The view of the chandeliers from the bottom was very cool as we rode the escalators back up…
…giving us various viewpoints of these one-ton, unique lighting fixtures.
As we reached the top, Susan said, “I’ve saved the best for the next to last,” so in we went to the International Languages Department
In an adjacent room are a set of murals, which were the only portion of the east wing that escaped demolition during the seven year renovation project. Julian Garnsey and A.W. Parsons painted the murals depicting scenes from Walter Scott’s novel Ivanhoe.
They cover the entire upper wall surface of this relatively small room.
The ceiling is painted to simulate old wooden beams suggestive of old Normandy and “completes a castle-like environment meant to spark children’s imaginations.” Or an old tour participant like me.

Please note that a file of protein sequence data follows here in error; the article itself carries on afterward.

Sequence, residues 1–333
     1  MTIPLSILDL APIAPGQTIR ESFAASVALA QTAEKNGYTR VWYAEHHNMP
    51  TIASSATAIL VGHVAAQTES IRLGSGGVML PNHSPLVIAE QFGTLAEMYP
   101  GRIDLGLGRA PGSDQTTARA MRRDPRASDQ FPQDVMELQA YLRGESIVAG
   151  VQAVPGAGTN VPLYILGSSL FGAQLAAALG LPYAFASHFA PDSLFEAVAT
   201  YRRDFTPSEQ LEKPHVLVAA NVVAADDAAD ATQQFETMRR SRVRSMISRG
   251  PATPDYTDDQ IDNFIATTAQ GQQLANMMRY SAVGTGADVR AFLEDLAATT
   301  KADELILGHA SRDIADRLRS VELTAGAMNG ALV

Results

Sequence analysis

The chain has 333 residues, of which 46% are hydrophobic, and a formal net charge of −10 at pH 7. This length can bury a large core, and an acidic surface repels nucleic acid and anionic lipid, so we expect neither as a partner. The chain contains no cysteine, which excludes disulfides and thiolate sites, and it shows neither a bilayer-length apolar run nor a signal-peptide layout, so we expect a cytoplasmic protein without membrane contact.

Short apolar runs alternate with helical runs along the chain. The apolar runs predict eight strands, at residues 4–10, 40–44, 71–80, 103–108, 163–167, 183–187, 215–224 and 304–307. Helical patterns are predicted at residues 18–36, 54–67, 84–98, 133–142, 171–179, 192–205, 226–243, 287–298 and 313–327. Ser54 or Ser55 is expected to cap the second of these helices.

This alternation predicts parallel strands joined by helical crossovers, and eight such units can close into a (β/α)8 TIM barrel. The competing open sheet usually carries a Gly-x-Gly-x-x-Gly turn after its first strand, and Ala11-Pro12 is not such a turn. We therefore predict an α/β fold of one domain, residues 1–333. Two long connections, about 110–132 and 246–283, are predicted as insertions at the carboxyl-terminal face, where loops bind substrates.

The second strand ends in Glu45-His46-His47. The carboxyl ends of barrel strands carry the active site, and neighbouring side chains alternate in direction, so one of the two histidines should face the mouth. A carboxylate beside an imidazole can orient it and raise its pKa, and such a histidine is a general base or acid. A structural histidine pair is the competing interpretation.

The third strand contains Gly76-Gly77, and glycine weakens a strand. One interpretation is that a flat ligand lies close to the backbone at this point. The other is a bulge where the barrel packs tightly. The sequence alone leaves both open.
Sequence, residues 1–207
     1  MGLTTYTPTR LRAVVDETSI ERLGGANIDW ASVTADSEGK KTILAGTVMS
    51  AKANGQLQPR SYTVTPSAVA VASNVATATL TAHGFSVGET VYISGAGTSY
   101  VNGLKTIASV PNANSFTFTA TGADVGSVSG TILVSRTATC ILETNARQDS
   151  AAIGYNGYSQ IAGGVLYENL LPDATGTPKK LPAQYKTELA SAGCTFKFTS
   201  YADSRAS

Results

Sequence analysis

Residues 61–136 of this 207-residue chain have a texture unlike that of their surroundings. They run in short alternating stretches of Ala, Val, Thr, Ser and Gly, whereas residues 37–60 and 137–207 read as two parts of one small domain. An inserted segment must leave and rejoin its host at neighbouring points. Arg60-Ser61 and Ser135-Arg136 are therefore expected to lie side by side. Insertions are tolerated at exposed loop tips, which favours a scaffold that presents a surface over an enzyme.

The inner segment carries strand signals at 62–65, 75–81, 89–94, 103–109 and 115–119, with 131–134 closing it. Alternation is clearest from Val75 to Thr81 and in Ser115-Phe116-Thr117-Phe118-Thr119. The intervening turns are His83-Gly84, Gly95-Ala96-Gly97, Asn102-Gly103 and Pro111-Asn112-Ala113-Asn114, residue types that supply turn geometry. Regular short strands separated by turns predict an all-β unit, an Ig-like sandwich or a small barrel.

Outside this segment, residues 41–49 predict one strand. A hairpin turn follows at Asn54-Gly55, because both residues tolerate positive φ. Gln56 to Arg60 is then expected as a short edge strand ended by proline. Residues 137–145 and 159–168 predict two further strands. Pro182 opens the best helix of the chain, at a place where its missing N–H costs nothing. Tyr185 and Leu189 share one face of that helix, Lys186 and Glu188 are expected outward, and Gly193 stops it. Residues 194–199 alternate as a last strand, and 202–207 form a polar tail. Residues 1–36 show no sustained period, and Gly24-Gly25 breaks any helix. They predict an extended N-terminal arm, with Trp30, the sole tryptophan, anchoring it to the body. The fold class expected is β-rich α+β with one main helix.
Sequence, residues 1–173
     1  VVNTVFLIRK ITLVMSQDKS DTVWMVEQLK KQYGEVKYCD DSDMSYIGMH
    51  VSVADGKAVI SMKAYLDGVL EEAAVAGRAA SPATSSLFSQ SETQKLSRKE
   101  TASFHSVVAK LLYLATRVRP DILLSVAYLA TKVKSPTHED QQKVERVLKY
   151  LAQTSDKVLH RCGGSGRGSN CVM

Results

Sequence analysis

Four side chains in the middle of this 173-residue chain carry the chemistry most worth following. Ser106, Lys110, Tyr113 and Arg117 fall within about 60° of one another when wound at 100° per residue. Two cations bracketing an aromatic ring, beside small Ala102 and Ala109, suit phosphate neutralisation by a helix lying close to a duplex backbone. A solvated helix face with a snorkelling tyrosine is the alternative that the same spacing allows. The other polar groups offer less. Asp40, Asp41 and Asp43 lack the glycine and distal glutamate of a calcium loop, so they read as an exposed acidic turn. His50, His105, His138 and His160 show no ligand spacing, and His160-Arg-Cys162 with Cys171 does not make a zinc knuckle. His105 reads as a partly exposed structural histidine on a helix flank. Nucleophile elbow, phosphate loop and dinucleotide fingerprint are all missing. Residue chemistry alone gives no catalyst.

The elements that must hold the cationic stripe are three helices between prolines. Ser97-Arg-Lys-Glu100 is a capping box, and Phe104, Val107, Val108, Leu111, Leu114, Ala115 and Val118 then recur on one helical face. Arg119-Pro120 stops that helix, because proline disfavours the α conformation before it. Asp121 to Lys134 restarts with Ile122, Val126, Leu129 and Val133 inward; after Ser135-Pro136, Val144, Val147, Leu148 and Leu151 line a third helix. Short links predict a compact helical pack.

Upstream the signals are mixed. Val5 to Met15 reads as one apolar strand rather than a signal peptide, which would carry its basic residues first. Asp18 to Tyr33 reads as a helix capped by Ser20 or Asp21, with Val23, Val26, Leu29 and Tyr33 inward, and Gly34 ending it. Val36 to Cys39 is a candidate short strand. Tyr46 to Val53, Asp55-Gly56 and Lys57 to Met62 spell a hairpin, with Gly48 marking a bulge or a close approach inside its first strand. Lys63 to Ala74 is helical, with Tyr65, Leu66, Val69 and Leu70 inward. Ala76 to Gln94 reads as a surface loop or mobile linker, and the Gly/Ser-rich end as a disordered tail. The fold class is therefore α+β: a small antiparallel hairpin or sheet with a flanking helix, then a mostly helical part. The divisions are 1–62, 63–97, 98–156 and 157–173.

Finally, Susan took me to the entrance of the Mark Taper Auditorium, which hosts various events in its 235-seat venue. “The World Is My Book,” and the tour was over.
I thanked Susan and made my way back to the Maguire Gardens. The Maguire Gardens are named for Robert Maguire, who was the real estate developer that played a huge part in preserving the Goodhue Building and helping to restore the building and its grounds after the devastating arson fires of 1986.
Looking up at the building’s facade, you see the Central Library is an early example of Art Deco. There are two figures sculpted in limestone by Lee Lawrie, who often worked with Goodhue. They have the names of Phosphor and Hesper and supposedly personify the morning and evening stars.
In between the two is a relief of horsemen passing a torch that goes along with the quote above them, “et quasi cursores vitai lampada tradunt,” which loosely translated means (or so I’m told), “And like runners, they pass on the torch of life.”